Morbidity Rate

AAA

DEFINITION of 'Morbidity Rate'

The frequency with which a disease appears in a population. Morbidity rates are used in actuarial professions, such as health insurance, life insurance and long-term care insurance, to determine the correct premiums to charge to customers. Morbidity rates help insurers predict the likelihood that an insured will contract or develop any number of specified diseases.

INVESTOPEDIA EXPLAINS 'Morbidity Rate'

The ability to accurately predict how many customers will get sick and what diseases they will get sick with helps insurers predict how much money they will spend to provide treatment for insurance customers. Thus, accurate morbidity rates are crucial for keeping insurance companies in business. Morbidity rate should not be confused with mortality rate, which is the frequency of death in a given population.

RELATED TERMS
  1. American Experience Table

    A set of data, presented in table format, showing when Americans ...
  2. American Risk and Insurance Association

    A professional organization for academics and associates in the ...
  3. Mortality Table

    A table that shows the rate of deaths occurring in a defined ...
  4. Risk Management

    The process of identification, analysis and either acceptance ...
  5. Long-Term Care (LTC) Insurance

    Coverage that provides nursing-home care, home-health care, personal ...
  6. Mortality And Expense Risk Charge

    A variable annuity fee included in certain annuity or insurance ...
RELATED FAQS
  1. How is accounting in the United States different from international accounting?

    Despite major efforts by the Financial Accounting Standards Board, or FASB, and the International Accounting Standards Board, ... Read Full Answer >>
  2. What is the variance/covariance matrix or parametric method in Value at Risk (VaR)?

    The parametric method, also known as the variance-covariance method, is a risk management technique for calculating the value ... Read Full Answer >>
  3. How are transfer prices set?

    The United States, like most nations, does not want to allow transfer pricing methods that reduce the amount of taxes the ... Read Full Answer >>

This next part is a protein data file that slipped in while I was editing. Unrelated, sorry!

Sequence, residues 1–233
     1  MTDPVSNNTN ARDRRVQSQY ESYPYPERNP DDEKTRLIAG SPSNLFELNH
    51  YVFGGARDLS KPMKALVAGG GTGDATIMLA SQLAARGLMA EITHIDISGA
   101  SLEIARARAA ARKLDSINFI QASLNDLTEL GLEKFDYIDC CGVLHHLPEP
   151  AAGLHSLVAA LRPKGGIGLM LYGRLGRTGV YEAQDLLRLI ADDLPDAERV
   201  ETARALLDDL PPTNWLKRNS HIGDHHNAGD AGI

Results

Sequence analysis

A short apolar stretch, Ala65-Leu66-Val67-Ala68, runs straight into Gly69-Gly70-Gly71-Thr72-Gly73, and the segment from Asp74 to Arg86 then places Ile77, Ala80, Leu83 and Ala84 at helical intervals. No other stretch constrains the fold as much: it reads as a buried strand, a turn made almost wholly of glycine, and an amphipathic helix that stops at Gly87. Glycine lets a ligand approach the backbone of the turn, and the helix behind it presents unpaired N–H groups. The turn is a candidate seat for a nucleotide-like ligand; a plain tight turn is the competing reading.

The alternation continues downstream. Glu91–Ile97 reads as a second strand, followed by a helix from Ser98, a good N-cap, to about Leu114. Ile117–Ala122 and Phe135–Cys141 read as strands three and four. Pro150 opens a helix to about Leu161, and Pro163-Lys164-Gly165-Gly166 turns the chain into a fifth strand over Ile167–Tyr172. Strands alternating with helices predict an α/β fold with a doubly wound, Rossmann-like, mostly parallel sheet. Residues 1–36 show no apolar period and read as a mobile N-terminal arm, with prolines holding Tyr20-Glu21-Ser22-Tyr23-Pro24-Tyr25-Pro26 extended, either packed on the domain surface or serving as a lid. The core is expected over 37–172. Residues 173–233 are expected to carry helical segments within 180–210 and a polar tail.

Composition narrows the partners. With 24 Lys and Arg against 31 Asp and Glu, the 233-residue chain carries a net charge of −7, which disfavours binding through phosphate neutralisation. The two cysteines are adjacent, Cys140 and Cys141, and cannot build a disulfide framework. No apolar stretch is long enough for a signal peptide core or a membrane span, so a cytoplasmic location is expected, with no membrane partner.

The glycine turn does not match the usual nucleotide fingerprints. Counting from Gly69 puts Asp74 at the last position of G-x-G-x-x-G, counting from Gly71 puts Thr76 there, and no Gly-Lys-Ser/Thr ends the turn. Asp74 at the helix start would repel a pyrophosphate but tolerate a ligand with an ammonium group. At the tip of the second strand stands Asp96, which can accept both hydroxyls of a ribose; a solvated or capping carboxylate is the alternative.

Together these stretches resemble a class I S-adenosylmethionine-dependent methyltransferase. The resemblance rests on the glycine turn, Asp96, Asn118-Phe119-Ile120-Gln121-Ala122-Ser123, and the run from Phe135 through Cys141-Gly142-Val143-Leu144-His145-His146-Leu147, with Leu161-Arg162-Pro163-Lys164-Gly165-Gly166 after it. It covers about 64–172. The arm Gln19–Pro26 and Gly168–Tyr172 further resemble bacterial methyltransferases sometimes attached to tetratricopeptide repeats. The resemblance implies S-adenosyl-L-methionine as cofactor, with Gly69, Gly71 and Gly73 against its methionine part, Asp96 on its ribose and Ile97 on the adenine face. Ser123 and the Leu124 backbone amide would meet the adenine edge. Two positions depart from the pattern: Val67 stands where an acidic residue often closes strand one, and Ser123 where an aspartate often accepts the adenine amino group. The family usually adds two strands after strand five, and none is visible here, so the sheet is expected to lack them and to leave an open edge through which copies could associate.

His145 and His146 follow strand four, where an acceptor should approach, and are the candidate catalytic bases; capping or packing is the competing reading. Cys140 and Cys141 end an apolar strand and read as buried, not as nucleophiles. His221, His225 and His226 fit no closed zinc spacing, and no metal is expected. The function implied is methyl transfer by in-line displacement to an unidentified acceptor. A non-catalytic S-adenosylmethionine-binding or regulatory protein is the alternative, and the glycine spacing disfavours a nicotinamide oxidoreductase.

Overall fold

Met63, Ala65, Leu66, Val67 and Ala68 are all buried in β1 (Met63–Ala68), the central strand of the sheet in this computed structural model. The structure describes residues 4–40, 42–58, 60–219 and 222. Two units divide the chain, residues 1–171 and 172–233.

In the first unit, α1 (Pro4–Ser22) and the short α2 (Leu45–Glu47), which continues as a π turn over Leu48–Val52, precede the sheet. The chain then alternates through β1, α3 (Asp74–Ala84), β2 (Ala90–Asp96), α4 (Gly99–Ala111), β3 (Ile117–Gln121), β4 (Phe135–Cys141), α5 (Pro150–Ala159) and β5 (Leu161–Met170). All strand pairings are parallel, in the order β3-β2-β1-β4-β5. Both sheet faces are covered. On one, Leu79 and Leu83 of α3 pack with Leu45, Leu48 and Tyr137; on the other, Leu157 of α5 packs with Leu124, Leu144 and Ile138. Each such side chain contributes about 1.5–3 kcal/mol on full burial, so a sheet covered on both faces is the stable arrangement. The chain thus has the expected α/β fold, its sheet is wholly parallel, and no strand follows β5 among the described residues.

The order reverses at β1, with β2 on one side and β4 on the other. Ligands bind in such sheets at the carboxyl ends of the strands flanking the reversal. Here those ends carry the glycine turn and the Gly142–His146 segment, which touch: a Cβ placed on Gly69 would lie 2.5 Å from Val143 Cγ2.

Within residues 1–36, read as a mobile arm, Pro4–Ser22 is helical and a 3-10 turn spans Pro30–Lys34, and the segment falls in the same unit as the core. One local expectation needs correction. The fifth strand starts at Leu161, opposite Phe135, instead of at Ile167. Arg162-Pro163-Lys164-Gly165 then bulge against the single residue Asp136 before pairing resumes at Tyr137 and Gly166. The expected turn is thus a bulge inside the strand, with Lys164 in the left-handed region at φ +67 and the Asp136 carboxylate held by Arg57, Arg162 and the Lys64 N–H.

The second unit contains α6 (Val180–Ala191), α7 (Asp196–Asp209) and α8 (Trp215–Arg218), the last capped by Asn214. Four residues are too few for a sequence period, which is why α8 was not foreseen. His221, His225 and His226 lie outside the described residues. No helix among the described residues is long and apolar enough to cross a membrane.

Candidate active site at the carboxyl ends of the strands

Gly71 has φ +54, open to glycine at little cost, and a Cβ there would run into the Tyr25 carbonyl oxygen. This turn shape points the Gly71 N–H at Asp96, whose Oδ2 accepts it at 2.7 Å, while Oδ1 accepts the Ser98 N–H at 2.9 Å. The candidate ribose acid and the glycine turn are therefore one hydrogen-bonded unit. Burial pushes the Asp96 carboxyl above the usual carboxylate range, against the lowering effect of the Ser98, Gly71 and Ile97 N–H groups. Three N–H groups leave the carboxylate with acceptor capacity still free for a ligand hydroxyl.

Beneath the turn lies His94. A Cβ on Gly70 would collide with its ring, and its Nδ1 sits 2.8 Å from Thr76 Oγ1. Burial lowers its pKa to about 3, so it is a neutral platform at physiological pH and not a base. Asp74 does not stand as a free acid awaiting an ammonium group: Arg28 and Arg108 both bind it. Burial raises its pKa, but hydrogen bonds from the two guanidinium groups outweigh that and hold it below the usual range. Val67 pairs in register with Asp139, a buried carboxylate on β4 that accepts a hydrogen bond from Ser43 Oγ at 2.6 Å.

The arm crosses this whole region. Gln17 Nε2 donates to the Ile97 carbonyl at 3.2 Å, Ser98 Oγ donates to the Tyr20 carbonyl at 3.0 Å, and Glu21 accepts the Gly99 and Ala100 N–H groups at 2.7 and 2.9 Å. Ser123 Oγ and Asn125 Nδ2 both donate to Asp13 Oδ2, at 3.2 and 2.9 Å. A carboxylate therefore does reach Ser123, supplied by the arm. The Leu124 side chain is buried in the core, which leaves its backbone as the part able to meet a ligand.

4. What is backtesting in Value at Risk (VaR)?

    The value at risk is a statistical risk management technique that monitors and quantifies the risk level associated with ... Read Full Answer >>
  5. How do I discount Free Cash Flow to the Firm (FCFF)?

    Discounted free cash flow for the firm (FCFF) should be equal to all of the cash inflows and outflows, adjusted to present ... Read Full Answer >>
  6. What's the difference between a confidence level and a confidence interval in Value ...

    The value at risk (VaR) uses both the confidence level and confidence interval. A risk manager uses the VaR to monitor and ... Read Full Answer >>
Related Articles
  1. Home & Auto

    A Look At Single-Premium Life Insurance

    Want to provide for your dependents and finance your own long-term care? Learn more here.
  2. Home & Auto

    A New Approach To Long-Term Care Insurance

    This practical product can protect you from the rising cost of care and provide for your beneficiaries at the same time.
  3. Insurance

    How Much Life Insurance Should You Carry?

    Learn how much - if any - insurance you really need.
  4. Retirement

    Variable Vs. Variable Universal Life Insurance

    Do you know why you might need one policy versus the other? Read on to find out.
  5. Options & Futures

    Long-Term Care Insurance: You Have Options

    The latest offerings provide more coverage and the ability to pick and choose what types of coverage you'll need.
  6. Home & Auto

    Life Insurance Clauses Determine Your Coverage

    Understanding these key parts of your policy will help you to ensure that your family will be covered.
  7. Insurance

    Life Insurance: Putting A Price On Peace Of Mind

    Would your death leave loved ones financially stranded? Find out how to ease your mind and keep them protected.
  8. Economics

    What is Adverse Selection?

    Adverse selection occurs when one party in a transaction has more information than the other, especially in insurance and finance-related activities.
  9. Economics

    Understanding Carrying Value

    Carrying value is the value of an asset as listed on a company’s balance sheet. Carrying value is the same as book value.
  10. Economics

    International Financial Reporting Standards (IFRS)

    International Financial Reporting Standards are accounting rules and guidelines governing the reporting of different types of accounting transactions.

You May Also Like

Hot Definitions
  1. Fixed-Income Arbitrage

    An investment strategy that attempts to profit from arbitrage opportunities in interest rate securities. When using a fixed-income ...
  2. Venture-Capital-Backed IPO

    The selling to the public of shares in a company that has previously been funded primarily by private investors. The alternative ...
  3. Merger Arbitrage

    A hedge fund strategy in which the stocks of two merging companies are simultaneously bought and sold to create a riskless ...
  4. Market Failure

    An economic term that encompasses a situation where, in any given market, the quantity of a product demanded by consumers ...
  5. Unsystematic Risk

    Company or industry specific risk that is inherent in each investment. The amount of unsystematic risk can be reduced through ...
  6. Security Market Line - SML

    A line that graphs the systematic, or market, risk versus return of the whole market at a certain time and shows all risky ...
Trading Center